1. On the Main tab, click Security > Application Security > Security Policies. The Active Policies screen opens.
  2. Click the name of the security policy you want to work on. The Properties screen opens.
  3. From the Configuration list, select Advanced.
  4. For the Dynamic Session ID in URL setting, specify how the security policy should process URLs that use dynamic sessions.
    Use this option When
    Custom pattern The security policy uses a user-defined regular expression to recognize a dynamic session ID in URLs. Type a regular expression in the Value field, and a description in the Description field.
    Default pattern The security policy uses the default regular expression (\/sap\([^)]+\)) for recognizing a dynamic session ID in URL.
    Disabled The security policy does not enforce dynamic session IDs in URLs. This is the default value.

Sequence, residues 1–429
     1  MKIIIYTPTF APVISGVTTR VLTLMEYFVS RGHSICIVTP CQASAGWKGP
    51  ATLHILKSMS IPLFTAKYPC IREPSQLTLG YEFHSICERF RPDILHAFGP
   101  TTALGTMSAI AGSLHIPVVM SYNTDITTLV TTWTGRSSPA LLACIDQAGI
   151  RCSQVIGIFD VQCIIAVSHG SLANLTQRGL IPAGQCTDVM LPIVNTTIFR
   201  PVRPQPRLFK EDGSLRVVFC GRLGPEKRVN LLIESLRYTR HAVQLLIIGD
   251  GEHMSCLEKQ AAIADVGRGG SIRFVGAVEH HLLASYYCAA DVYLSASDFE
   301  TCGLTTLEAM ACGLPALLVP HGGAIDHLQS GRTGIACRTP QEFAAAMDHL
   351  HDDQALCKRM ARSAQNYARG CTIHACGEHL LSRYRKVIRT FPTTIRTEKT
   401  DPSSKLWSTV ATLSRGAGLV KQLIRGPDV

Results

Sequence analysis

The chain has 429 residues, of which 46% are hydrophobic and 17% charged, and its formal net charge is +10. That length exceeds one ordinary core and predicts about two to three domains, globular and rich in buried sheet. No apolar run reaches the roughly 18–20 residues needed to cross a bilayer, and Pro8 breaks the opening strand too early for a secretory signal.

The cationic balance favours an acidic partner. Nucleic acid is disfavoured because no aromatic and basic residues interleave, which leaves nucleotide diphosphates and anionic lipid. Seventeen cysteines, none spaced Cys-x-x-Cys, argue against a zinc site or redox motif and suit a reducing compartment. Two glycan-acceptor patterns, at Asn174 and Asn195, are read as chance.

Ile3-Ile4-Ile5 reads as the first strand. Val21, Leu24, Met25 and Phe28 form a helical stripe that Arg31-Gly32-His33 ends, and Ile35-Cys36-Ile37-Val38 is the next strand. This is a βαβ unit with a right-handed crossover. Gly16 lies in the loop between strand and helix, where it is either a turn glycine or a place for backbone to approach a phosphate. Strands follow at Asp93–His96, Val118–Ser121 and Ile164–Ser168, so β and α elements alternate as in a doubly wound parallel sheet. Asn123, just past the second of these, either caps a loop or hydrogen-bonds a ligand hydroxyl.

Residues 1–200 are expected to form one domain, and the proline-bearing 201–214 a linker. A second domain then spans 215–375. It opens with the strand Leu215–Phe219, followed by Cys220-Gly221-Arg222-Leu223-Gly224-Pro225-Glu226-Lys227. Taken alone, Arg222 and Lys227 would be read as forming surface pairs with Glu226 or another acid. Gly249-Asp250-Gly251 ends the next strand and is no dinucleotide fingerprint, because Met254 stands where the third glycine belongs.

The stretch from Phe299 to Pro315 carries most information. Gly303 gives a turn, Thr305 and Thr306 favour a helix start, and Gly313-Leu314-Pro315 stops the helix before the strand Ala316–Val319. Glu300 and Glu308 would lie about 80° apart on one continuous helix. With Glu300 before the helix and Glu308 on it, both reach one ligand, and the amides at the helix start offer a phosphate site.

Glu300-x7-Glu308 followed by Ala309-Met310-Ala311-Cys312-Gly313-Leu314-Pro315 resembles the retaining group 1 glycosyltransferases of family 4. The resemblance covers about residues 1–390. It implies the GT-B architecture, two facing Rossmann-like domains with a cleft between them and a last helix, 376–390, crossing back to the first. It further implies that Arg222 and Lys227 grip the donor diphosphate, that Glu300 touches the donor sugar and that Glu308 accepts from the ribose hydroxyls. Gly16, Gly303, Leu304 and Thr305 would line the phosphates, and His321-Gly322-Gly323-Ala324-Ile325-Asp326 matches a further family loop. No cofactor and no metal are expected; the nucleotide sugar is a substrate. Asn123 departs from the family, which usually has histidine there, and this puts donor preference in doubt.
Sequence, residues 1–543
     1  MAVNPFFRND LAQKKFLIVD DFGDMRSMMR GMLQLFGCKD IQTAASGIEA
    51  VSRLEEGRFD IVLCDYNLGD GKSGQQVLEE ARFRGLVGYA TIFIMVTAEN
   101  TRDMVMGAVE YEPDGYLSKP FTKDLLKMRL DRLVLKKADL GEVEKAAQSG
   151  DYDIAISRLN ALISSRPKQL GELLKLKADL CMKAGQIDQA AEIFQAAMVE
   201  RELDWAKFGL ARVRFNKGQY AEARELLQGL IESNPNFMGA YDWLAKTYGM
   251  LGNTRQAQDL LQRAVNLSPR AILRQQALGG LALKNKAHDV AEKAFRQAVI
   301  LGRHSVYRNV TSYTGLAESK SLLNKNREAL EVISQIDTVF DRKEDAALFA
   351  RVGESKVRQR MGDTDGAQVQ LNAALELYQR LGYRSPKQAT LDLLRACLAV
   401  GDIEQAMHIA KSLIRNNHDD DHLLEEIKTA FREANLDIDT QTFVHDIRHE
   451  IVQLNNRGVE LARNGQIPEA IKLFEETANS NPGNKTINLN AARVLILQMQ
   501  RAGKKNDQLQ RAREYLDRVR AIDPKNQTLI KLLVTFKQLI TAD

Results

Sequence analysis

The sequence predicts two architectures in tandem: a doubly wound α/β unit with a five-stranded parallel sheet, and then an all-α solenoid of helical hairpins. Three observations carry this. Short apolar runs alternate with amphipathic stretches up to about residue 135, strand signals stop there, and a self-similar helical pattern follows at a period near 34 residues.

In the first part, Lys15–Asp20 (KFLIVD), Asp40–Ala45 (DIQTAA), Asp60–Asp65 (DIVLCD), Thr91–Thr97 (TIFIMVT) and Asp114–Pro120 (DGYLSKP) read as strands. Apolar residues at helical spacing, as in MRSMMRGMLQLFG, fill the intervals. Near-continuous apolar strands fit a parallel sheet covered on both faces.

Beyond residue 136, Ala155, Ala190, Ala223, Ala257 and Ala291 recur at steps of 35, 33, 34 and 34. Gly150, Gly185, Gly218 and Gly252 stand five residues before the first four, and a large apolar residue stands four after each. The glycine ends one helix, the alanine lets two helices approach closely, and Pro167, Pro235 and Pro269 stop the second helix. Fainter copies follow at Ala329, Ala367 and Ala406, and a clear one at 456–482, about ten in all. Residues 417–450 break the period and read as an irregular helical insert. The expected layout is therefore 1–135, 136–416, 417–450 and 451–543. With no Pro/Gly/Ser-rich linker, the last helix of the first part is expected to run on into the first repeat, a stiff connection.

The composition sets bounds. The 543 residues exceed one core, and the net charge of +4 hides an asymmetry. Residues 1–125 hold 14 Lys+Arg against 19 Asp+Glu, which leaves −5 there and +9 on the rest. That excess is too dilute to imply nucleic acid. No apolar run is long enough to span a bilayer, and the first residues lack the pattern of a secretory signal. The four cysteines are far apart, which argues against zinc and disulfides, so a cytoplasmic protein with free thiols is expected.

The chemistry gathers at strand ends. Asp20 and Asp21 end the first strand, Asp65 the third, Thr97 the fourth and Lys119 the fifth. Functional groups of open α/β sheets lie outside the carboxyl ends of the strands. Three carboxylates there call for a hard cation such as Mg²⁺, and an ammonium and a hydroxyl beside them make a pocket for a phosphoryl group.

5. Click Save to save your settings.
  6. To put the security policy changes into effect immediately, click Apply Policy.

Normally, if the system receives a request in which the dynamic session information does not match the settings in the security policy, the system issues the Illegal session ID in URL violation. When you allow dynamic session IDs in URLs, ASM extracts the dynamic session information from requests or responses, based on the pattern that you configure. For requests, the system applies the pattern to the URI up to, but not including, the question mark (?) character in a query string.

Note: The system can extract dynamic information only from illegal URLs.